Best Available Therapy Versus Autologous Hematopoetic Stem Cell Transplant for Multiple Sclerosis (BEAT-MS) (BEAT-MS)

  • End date
    Oct 13, 2029
  • participants needed
  • sponsor
    National Institute of Allergy and Infectious Diseases (NIAID)
Updated on 13 May 2022
stem cell transplant
active treatment
disease or disorder
relapsing multiple sclerosis
dimethyl fumarate


This is a multi-center prospective rater-masked (blinded) randomized controlled trial of 156 participants, comparing the treatment strategy of Autologous Hematopoietic Stem Cell Transplantation (AHSCT) to the treatment strategy of Best Available Therapy (BAT) for treatment-resistant relapsing multiple sclerosis (MS). Participants will be randomized at a 1 to 1 (1:1) ratio.

All participants will be followed for 72 months after randomization (Day 0, Visit 0).


Participant recruitment for this six-year research study focuses on multiple sclerosis (MS) that has remained active despite treatment. This study will compare high dose immunosuppression followed by autologous hematopoietic stem cell transplantation (AHSCT) to best available therapy (BAT) in the treatment of relapsing MS.

MS is a disease caused by one's own immune cells. Normally, immune cells fight infection. In MS, immune cells called T cells, or chemical products made by immune cells, react against the covering or coat (myelin) of nerve fibers in the brain and spinal cord. This leads to stripping the coat from certain nerve fibers (demyelination), and this causes neurologic problems. MS can cause loss of vision, weakness or incoordination, loss or changes in sensation, problems with thinking or memory, problems controlling urination, and other disabilities.

Most individuals with MS first have immune attacks (called relapses) followed by periods of stability. Over time, MS can have episodes of new and worsening symptoms, ranging from mild to disabling. This is called relapsing MS. Relapsing MS includes relapsing remitting MS (RRMS) and secondary progressive MS (SPMS). There are medicines (drugs) to decrease relapses, but these are neither considered to be curative nor, to induce prolonged remissions without continuing therapy.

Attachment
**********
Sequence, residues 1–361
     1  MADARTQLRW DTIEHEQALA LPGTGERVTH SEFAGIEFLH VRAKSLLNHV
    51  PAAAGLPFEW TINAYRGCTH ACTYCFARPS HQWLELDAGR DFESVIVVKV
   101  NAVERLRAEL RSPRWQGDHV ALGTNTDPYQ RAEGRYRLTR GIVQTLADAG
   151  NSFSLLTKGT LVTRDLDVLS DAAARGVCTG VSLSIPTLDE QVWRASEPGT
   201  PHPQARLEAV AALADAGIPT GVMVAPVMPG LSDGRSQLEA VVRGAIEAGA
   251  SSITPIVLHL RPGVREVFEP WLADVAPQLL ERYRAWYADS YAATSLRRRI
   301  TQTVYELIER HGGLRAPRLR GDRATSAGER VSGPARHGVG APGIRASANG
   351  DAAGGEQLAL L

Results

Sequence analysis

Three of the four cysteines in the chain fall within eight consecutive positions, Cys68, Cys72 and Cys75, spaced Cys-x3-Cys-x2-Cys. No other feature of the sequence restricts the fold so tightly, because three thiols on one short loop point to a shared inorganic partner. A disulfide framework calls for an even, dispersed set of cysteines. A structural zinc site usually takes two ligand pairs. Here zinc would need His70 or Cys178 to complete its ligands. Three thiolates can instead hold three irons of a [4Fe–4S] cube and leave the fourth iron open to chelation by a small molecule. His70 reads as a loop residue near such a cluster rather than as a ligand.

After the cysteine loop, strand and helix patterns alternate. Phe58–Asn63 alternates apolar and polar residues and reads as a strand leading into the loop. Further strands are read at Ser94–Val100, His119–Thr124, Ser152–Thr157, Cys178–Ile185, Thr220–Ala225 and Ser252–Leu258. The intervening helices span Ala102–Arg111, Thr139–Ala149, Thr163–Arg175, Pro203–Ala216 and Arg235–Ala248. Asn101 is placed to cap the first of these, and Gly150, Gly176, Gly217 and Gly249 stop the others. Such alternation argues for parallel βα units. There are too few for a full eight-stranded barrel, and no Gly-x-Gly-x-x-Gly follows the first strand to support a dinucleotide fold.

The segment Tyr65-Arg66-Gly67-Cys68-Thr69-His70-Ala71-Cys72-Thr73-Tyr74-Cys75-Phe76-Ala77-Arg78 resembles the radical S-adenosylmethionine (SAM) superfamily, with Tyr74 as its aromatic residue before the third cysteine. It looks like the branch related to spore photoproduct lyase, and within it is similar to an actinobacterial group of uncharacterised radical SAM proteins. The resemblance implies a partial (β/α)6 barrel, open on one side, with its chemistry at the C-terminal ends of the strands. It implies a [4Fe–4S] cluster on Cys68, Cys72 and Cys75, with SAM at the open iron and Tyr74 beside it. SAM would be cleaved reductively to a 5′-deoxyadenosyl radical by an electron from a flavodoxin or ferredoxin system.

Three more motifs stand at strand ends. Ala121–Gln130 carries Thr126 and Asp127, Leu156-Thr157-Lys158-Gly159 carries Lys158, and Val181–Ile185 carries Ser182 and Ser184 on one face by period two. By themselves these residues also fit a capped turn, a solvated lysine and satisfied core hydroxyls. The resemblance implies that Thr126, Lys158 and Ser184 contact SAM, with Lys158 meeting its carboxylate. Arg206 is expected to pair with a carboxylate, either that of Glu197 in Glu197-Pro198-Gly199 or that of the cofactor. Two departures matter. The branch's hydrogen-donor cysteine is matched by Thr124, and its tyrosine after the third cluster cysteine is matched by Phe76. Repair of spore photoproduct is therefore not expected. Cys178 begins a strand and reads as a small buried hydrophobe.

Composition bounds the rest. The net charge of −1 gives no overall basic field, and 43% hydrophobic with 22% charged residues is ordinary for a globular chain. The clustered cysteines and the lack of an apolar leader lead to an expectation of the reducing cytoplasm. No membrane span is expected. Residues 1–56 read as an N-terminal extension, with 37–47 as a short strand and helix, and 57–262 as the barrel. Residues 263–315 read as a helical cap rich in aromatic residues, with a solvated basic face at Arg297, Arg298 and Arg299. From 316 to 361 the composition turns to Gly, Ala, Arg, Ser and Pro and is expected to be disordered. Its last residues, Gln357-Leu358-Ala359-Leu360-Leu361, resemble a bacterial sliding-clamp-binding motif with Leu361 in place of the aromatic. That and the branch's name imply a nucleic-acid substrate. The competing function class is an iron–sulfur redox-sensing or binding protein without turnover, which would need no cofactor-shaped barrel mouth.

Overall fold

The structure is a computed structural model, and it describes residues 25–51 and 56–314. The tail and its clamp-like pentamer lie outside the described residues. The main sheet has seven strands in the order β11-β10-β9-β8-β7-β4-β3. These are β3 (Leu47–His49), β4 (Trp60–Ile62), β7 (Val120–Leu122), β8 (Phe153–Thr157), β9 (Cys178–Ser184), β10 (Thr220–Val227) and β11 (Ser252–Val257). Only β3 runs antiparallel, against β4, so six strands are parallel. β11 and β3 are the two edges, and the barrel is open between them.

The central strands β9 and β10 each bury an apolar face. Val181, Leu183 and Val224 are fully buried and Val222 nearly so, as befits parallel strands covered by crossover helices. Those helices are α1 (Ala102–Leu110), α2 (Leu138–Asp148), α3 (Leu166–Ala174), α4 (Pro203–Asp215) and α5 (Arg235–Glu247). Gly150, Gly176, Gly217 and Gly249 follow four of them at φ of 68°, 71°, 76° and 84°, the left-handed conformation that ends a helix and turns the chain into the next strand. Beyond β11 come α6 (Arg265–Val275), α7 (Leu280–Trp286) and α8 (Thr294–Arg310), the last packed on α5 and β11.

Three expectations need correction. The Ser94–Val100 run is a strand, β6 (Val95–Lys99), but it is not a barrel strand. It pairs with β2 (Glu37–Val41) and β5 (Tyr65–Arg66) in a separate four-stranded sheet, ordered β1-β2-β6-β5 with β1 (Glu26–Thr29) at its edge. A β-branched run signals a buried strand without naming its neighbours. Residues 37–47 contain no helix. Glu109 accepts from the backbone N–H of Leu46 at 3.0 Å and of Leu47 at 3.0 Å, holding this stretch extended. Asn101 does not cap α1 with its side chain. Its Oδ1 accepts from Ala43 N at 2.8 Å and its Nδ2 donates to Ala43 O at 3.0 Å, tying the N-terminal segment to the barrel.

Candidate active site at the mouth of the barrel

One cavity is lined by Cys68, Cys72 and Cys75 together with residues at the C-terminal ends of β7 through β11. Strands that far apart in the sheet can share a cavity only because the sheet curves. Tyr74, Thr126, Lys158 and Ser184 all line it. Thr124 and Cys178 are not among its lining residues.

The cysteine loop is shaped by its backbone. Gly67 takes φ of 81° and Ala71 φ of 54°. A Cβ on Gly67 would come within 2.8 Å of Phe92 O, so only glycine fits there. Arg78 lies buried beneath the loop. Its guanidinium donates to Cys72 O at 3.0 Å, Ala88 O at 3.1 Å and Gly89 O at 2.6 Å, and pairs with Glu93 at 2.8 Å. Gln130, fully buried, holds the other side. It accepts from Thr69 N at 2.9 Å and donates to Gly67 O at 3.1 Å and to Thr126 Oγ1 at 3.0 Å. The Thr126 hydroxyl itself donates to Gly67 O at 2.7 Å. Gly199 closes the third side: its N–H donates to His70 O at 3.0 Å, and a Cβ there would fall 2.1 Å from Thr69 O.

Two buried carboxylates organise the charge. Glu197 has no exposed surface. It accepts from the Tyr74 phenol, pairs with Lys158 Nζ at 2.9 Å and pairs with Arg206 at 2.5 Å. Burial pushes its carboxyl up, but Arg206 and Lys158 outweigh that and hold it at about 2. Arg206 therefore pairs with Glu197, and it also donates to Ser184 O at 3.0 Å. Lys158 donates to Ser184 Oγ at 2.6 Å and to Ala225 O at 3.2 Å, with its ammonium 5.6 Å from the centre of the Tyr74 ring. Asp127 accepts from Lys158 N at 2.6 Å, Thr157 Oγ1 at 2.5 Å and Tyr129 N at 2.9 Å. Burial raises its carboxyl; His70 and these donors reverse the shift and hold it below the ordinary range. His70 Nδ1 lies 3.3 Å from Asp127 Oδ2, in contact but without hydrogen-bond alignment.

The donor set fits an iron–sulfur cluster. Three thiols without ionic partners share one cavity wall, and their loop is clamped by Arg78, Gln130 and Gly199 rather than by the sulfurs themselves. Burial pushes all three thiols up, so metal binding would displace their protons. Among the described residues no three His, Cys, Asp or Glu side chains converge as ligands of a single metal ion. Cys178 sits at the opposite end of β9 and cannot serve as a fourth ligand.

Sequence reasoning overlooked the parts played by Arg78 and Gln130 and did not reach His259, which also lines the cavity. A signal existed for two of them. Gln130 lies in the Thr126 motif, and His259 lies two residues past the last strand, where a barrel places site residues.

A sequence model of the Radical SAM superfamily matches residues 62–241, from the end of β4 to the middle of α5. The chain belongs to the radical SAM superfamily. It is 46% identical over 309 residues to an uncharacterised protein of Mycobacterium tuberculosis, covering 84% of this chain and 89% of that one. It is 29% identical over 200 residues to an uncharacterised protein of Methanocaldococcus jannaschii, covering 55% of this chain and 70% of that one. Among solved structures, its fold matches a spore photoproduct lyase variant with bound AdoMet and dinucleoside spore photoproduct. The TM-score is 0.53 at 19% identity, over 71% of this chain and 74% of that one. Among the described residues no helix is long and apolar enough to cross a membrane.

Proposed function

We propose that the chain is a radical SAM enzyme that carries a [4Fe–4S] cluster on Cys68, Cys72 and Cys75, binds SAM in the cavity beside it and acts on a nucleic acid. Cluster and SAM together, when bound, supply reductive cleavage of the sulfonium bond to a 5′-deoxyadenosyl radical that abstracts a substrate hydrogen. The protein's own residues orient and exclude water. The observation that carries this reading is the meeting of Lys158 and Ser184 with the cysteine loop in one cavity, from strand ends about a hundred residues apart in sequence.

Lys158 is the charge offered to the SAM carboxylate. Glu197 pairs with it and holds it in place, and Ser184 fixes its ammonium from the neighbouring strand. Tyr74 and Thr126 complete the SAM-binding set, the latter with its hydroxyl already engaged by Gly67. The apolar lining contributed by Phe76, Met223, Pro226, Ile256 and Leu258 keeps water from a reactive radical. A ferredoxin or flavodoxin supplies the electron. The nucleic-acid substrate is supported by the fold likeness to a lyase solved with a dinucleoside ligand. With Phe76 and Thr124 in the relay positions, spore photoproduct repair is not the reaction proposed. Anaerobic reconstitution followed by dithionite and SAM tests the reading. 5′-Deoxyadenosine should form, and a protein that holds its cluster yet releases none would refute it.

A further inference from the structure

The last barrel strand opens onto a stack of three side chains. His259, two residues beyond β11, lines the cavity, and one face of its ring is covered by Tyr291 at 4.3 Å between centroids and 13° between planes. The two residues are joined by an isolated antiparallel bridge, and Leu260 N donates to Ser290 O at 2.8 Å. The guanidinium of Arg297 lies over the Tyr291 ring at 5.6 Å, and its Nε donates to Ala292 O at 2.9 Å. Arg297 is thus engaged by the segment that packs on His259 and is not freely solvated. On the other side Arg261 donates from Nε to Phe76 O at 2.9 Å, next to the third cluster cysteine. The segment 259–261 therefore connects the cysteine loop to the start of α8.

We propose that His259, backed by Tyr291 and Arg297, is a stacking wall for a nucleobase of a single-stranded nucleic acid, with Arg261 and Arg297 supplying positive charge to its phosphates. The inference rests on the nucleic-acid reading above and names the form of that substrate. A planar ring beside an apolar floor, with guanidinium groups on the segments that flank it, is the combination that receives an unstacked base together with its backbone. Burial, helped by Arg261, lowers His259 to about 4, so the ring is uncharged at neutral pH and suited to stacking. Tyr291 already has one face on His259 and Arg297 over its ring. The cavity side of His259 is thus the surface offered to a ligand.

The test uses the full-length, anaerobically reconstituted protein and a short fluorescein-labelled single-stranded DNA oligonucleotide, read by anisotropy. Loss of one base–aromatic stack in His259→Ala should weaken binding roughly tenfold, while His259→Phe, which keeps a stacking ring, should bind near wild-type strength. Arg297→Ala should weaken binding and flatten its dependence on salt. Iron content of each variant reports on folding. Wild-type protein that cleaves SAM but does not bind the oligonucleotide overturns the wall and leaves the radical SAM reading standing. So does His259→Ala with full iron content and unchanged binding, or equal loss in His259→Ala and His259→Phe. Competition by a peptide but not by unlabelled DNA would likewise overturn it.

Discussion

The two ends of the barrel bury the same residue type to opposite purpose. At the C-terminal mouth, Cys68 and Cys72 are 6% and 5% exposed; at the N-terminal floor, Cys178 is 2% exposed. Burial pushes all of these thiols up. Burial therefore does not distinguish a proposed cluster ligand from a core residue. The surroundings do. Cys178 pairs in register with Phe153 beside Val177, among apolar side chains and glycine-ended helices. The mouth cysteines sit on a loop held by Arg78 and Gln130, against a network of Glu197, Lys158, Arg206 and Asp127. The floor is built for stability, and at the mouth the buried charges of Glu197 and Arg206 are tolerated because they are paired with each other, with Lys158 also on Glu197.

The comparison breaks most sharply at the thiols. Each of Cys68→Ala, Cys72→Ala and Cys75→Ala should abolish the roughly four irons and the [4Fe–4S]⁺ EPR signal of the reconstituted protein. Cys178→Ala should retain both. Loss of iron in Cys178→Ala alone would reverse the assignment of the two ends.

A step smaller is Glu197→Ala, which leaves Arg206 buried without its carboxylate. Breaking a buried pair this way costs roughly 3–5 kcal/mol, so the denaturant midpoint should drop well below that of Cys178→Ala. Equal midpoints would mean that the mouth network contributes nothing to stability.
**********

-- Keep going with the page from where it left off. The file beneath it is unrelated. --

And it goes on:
More than a dozen medicines have been approved for the treatment of relapsing forms of MS. These medicines differ in how safe they are and how well they work. Despite availability of an increasing number of effective medicines, some individuals with relapsing MS do not respond to treatment. Research is being conducted to find other treatments.

High dose immunosuppression followed by autologous hematopoietic stem cell transplantation (AHSCT) has been shown to help relapsing MS in cases where medicines did not work. AHSCT involves collecting stem cells, which are produced in the bone marrow. These stem cells are "mobilized" to leave the bone marrow and move into the blood where they can be collected and stored. Participants will then receive chemotherapy intended to kill immune cells. One's own stored (frozen) stem cells are then given back, through an infusion. This "transplant" of one's stem cells allows the body to form new immune cells in order to restore their immune system. New research suggest that MS might be better controlled with AHSCT than with medicines.

Condition Relapsing Multiple Sclerosis, Relapsing Remitting Multiple Sclerosis, Secondary Progressive Multiple Sclerosis
Treatment autologous hematopoietic stem cell transplantation, Best Available Therapy (BAT)
Clinical Study IdentifierNCT04047628
SponsorNational Institute of Allergy and Infectious Diseases (NIAID)
Last Modified on13 May 2022


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Complete your scheduled study participation activities and then you are done. You may receive summary of study results if provided by the sponsor.

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